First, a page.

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The Burgess model is an urban
land use model, which divided
cities into a set of concentric
circles. It is a representation of a
MEDC, with the CBD in the
middle, surrounded by factories
and industry, then by housing
getting higher class as you expand
out, away from the CBD. Beyond
the zone of transition are the rings
of residential housing. As people
became wealthier they could afford
to live further out of town, in
bigger houses, with larger
gardens. The houses closest to the
centre originally would have
housed the workers for the inner
city industries. Many British cities
still have many of these terraced
houses remaining.…read more

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The Hoyt model is another urban land
use model for an MEDC. Hoyt's model
modified that of Burgess following the
development of public transport. His
model suggests that transport and
physical features were important, with
industrial areas developing outwards in
sectors along main transport routes
(roads, rivers and canals) and housing
growing up around these. The lowest
class housing would be closest to the
industry, and probably be located
where the prevailing winds would blow
the pollution towards them (and away
from the higher class housing).The high
class housing also is in a sector of its
own, running all the way from the CBD,
where many of the residents would
work, to the outer suburbs.…read more

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Based on cities of the developing world, using
some of the ideas found in the MEDC models,
but also incorporating the urban features only
found in LEDC cities. The CBD is still central to
the urban area, and is the area of highest land
price. However around it is the most expensive
residential areas. In some places, such as Sao
Paulo, this means huge luxurious high-rise
apartments blocks. Industrial development is
along major transport routes, whilst there are
also sectors of high-class housing.
The most striking difference between the LEDC
model and the MEDC models is the remaining
residential areas. They have been divided into
three sections. The periferia are low class, poor
quality houses. However they do have limited
amenities and are permanent homes.
The favelas or shanty towns are illegal
settlements, where the houses are built from
what ever the people can find, and there are no
basic amenities. In some cities, such as Sao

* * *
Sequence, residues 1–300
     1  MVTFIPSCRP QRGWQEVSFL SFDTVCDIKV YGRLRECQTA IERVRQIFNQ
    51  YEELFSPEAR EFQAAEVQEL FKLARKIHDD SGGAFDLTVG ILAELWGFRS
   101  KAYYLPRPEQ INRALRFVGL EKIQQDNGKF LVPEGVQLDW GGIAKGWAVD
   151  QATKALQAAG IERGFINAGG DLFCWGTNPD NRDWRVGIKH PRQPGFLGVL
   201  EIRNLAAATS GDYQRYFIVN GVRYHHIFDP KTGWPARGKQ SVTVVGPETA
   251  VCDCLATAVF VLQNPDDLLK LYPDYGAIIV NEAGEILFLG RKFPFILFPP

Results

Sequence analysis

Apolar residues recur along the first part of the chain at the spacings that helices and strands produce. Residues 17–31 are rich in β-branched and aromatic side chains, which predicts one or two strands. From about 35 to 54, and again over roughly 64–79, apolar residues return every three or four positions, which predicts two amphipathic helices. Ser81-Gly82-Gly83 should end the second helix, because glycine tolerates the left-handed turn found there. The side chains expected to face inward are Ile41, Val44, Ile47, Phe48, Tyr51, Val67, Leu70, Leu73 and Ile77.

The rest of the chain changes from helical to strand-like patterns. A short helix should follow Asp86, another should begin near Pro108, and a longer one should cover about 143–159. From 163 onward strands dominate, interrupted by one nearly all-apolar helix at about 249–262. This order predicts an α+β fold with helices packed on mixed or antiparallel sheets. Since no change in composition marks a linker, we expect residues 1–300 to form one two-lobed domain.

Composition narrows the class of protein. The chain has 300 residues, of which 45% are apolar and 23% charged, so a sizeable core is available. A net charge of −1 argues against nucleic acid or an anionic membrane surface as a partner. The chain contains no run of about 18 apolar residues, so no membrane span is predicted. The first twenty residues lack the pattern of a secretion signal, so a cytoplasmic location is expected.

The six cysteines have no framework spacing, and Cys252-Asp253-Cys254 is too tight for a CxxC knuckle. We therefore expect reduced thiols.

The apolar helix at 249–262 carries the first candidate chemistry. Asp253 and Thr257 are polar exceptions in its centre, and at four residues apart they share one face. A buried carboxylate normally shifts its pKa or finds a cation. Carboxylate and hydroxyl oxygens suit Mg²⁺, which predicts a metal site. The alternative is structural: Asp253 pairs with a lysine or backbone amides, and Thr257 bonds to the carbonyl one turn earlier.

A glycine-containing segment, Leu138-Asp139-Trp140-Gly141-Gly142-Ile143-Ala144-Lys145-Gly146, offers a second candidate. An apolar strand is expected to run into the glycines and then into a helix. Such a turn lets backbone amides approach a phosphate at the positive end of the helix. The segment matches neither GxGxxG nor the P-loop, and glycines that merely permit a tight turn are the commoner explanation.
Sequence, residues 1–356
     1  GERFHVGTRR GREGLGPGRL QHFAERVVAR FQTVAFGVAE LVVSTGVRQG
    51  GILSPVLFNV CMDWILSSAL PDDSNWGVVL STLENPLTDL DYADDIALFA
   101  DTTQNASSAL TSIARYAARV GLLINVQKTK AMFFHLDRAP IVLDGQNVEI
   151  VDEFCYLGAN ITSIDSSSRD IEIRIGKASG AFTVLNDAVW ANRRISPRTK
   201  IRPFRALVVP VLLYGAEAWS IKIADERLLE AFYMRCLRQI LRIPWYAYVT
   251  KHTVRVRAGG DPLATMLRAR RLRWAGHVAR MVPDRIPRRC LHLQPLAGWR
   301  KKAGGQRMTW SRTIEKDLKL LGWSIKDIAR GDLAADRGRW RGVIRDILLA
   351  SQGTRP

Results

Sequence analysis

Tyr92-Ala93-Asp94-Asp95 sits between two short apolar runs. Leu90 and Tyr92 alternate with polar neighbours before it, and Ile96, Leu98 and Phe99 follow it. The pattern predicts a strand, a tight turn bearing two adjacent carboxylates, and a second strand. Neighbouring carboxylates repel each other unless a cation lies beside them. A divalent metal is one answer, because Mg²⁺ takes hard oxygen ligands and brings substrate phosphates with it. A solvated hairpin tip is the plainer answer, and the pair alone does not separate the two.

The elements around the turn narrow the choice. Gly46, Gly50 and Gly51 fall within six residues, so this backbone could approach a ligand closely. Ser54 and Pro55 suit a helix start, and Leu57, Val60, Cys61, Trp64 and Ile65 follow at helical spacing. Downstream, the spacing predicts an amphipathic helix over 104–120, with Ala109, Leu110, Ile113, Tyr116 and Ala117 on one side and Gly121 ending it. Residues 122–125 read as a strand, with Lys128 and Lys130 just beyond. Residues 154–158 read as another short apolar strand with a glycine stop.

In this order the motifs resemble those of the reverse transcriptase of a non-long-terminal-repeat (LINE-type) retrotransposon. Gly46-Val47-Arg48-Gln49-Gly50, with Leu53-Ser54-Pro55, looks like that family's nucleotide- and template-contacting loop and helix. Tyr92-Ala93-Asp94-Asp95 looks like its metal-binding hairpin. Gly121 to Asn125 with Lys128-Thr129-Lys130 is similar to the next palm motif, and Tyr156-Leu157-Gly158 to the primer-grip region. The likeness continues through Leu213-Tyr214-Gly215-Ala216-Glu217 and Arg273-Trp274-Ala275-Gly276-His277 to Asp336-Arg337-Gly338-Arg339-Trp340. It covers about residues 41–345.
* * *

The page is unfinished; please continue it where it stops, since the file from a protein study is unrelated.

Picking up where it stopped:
Paulo, schemes have been introduced to help
the residents of the favelas, and these people
can be found in the sector of housing
improvements schemes.…read more

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· The CBD: The focal point of the city, with
the highest land prices. The CBD is where
shops will locate as they know it is the
most accessible point for the people of the
city. The high land prices mean that
buildings tend to grow upwards, and this is
why CBD's often have tall skyscrapers,
particularly in American cities. The main
functions of the CBD will include retail,
entertainment, financial services and other
professional services…read more

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Inner city
· The Inner City: This is Burgess's zone of transition. The
inner city in the 19th Century would have been the centre
of industry for most cities. Low paid workers would have
lived in the many rows of terraced houses that were built
beside the factories. Nowadays, although the factories
have gone, many of the terraced houses remain. The
Inner city of many urban areas has undergone great
changes. These are covered in detail in a later section.
However once the industry moved out, the inner cities
became areas in need of redevelopment. The first plan
was to build tall blocks of flats to replace the terraces.
This occurred in the 1960's and 1970's. During the 1990's
Inner City redevelopment has taken the form of
gentrification schemes aimed at rejuvenating the area,
producing more of a community spirit, whilst trying to
keep some of the old architecture…read more

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